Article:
LOS ANGELES (CNS) - Union workers at the Department of Water and Power  will begin voting this weekend on a new labor contract that pushes a scheduled  pay raise to 2016, labor officials said today.

Ballots are on their way to members of the International Brotherhood of  Electrical Workers, Local 18, which represents about 8,200 workers, the vast  majority of employees at the city-owned water and electricity company.

IBEW officials did not provide an exact date for when the ballots would  be due, but said members must return the ballots some time later this month.

DWP workers are scheduled to get a cost-of-living raise, about 2  percent, after the end of this month on Oct. 1. The new agreement would delay  that increase to 2016.

When the new labor pact was first reached in August, city leaders  estimated it would take until the end of this week or next week for the union  to finish ratifying the agreement.

With pay for DWP jobs typically higher than that of other city jobs,  city leaders have sought a way to close the salary disparity, which some  officials have said makes it difficult for city departments to retain employees  eager to transfer to the DWP's better-paid workforce.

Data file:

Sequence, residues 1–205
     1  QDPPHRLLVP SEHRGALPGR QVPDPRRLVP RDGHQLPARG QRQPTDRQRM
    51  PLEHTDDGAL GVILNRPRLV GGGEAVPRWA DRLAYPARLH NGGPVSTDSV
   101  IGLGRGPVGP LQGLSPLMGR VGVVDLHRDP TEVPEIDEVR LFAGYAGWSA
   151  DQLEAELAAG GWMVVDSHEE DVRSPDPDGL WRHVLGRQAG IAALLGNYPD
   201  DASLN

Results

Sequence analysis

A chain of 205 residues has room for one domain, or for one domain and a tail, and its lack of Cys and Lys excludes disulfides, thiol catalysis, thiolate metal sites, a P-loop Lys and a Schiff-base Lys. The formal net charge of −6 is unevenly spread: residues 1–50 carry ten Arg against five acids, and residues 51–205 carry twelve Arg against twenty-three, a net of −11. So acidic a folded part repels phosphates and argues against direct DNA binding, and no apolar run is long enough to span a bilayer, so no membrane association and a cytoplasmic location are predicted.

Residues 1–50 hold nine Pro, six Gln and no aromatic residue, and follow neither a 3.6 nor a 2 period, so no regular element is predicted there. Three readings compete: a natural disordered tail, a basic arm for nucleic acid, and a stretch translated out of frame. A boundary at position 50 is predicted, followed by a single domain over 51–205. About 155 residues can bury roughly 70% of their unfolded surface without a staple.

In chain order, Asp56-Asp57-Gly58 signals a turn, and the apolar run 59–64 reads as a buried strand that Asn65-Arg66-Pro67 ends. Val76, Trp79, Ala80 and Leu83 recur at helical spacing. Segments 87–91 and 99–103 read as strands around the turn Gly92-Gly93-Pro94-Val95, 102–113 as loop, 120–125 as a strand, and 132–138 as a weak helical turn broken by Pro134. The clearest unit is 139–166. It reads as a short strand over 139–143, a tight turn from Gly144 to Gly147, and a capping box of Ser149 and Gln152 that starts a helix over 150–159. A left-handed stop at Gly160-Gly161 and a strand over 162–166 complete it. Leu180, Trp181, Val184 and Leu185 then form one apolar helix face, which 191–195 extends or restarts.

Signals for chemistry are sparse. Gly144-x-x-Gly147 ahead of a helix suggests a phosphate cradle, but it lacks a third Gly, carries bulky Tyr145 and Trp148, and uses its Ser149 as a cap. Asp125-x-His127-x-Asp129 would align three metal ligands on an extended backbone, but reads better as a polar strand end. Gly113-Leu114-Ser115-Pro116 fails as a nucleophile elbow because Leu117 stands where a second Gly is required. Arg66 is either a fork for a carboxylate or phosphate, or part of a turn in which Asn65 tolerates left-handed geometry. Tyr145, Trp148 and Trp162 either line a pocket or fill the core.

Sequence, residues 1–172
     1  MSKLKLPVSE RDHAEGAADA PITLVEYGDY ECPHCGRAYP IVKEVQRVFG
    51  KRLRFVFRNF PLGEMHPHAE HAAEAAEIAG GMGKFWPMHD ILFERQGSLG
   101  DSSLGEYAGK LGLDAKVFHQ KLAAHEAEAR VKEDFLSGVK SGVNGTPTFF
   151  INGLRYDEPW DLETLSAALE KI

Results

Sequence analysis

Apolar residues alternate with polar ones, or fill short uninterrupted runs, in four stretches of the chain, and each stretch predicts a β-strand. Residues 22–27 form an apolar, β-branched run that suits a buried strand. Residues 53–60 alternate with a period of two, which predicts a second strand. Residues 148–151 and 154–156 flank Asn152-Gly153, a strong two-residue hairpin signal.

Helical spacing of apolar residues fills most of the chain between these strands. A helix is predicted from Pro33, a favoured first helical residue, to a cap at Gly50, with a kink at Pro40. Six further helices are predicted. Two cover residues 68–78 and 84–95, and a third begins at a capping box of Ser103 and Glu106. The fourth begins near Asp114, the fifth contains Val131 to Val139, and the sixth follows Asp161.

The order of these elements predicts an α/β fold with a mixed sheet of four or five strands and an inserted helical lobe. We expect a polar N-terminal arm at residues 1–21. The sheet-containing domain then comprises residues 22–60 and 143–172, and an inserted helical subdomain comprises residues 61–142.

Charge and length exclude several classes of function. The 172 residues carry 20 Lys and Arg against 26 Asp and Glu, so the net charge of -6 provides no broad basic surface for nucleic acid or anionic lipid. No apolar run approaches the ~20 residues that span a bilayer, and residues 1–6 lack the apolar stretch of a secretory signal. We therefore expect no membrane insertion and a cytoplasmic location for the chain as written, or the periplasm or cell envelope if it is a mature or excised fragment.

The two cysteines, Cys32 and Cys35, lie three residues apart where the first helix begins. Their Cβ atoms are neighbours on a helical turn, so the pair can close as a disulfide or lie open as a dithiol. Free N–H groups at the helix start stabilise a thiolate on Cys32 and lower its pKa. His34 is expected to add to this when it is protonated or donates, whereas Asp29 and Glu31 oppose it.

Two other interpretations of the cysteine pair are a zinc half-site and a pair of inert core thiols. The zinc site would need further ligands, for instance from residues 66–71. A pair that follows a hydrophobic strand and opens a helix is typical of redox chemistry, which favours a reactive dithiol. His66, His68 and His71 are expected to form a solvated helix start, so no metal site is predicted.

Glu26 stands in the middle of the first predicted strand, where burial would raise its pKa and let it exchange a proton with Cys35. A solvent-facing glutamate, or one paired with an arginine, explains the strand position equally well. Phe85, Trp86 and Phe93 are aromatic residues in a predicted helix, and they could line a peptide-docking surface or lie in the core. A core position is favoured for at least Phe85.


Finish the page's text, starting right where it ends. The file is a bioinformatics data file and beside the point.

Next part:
Top city officials project the new labor pact would save DWP $6.1  billion over three decades and help control the cost of utility rates, which  are expected to go up in the next three years.

The DWP is a city-owned utility, but is funded through the rates paid by  its electricity and water customers. Personnel costs make up more than 20  percent of the DWP's budget.

IBEW's existing contract actually expires in September 2014, but a legal  dispute over pension payments sparked talks between city leaders and union  representatives well ahead of that date. Settlement talks ultimately offered  the city an opportunity to make changes to new workers' pension tiers, lower  starting salaries for 34 DWP jobs similar to jobs in other city departments and  request other changes.

Mayor Eric Garcetti, who previously threatened to veto an earlier  version of the new agreement, saying it did not go far enough, last month  celebrated the revised terms now being voted on union members. He said the pact  ``contains tough amendments that we fought for. It will deliver reform, saving  ratepayers money through further salary reductions and clearing the way for  changes we need in the future.''

``This contract contains no raises for three years,'' he said. ``The  last time DWP workers did not get a raise was 20 years ago.''

If IBEW members ratify the contract, it will return to the City Council  and the mayor for final approval before it could go into effect.